With expectations of further cuts strengthening by the day, gilt- edged stocks jumped by more than 1 1/2 points at one stage and share prices advanced sharply, with the FT-SE 100 index climbing more than 40 points in early trade.
But after Norman Lamont, the Chancellor, denied there had been a change of policy shares gave up some gains and closed 28.7 points higher at 2,645.7. Gilts also went into partial retreat to end less than half-a-point higher.
Expectations of base rates close to 6 per cent by Christmas gave way to more conservative estimates of around 7 per cent.
Sterling, meanwhile, lost ground after the Bundesbank signalled a smaller-than-expected fall in German market rates. In London the pound retreated two pfennigs to close at DM2.4359.
The Prime Minister's statement that 'a strategy for growth is what we need, a strategy for growth is what we are going to have' was yesterday blithely dismissed as signalling a new economic strategy by the Treasury.
Before delivering a speech on Russian economic reforms to the Adam Smith Institute, the Chancellor said there was 'no way' that there had been a change of policy.
Downing Street officials also appeared to lower expectations of a radical shift when they said that economic policy following the devaluation of the pound would be 'fleshed out' in next week's Mansion House speech by the Chancellor and in the subsequent Autumn Statement.
Speaking on Radio Four's World at One, Stephen Dorrell, Treasury Financial Secretary, followed suit. Referring to the recent devaluation of the pound and the subsequent cuts in base rates, he said: 'What we have seen is the Prime Minister drawing attention to the opportunity that our policy has created.
'What that policy has been directed to doing is to deliver a low rate of inflation which allows the economy to grow.'
Though Treasury officials declined to rule out another cut in rates, they insisted there was no significant shift in policy which implied a rise in public spending.
'Of course Major is for growth, but he is not going to do a Keynesian stimulus,' said one. 'Strategy will be based on sound money.'
A Treasury official said: 'Is this a new policy? It isn't' He added: 'Policy has always been based on low inflation. The Prime Minister wanted to emphasise sustainable non-inflationary growth.'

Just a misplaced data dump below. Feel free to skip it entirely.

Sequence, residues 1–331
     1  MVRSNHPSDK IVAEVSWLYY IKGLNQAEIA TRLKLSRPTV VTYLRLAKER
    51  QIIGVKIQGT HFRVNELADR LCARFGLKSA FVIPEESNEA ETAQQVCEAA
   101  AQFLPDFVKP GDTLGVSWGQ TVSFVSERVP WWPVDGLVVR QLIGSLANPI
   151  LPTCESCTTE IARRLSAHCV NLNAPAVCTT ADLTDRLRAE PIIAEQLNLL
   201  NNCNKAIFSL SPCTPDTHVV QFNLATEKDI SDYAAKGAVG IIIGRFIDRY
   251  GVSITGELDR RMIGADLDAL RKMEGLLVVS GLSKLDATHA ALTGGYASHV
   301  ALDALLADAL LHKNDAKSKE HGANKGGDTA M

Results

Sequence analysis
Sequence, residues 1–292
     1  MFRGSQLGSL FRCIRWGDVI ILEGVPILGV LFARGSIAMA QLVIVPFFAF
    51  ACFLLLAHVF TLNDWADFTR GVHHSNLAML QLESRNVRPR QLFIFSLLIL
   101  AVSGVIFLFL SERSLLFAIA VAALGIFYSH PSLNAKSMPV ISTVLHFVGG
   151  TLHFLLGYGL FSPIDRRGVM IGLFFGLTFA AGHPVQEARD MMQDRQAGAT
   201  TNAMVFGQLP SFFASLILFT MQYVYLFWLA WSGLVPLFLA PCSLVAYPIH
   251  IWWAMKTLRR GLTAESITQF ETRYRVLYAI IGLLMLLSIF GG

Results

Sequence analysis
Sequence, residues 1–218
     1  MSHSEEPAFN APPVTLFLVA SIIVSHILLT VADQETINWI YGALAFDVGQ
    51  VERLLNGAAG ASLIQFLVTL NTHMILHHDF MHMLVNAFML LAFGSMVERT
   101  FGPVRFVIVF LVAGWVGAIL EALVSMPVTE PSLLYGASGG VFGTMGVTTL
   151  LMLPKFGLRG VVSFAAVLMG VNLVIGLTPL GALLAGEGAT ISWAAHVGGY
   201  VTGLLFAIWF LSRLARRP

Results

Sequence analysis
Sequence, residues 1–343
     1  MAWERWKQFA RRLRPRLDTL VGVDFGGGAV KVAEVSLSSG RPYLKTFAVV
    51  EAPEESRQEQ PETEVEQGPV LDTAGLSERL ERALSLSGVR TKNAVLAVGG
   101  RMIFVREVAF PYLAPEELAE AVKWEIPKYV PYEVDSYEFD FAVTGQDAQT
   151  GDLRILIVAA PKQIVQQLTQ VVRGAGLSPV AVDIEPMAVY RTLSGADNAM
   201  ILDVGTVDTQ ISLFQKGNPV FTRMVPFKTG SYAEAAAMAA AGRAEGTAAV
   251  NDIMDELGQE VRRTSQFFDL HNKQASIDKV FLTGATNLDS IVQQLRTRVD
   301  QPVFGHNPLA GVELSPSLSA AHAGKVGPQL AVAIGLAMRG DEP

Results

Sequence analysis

He went on to explain that Mr Major's motivation in seeking a series of television interviews on Tuesday night was aimed at restoring confidence. 'With so much gloom and doom we want to deal with the confidence question,' he said.
The Prime Minister's intention was to reassure the country that public spending on capital projects which could create jobs would be safeguarded as much as possible, but only at the expense of cuts in 'current' spending like public sector pay, the Treasury said. But the new system of controlling spending was not being abandoned.
Downing Street suggested yesterday that the pounds 244.5bn planning total for the 1993-94 financial year would hold.
With the Treasury aiming for a mid-November Autumn Statement on spending, the remaining Cabinet discussions will focus on whether the private sector can be encouraged to take on capital projects like roadbuilding.
Downing Street, meanwhile, dismissed recent reports of tax increases in the next Budget to cover increases in public expenditure as 'wild speculation' and ruled out any tax measures in the forthcoming statement.
Britain's DM5.5bn five-year eurobond is being issued at a price of 101.71 per cent with a coupon of 7 1/8 per cent, the lead manager, Deutsche Bank, said yesterday.
The bank added that a fixed re- offer price was set at 99.96 per cent which would allow the bond to yield about 7.13 per cent, some 10 basis points above the yield on equivalent German government bonds.
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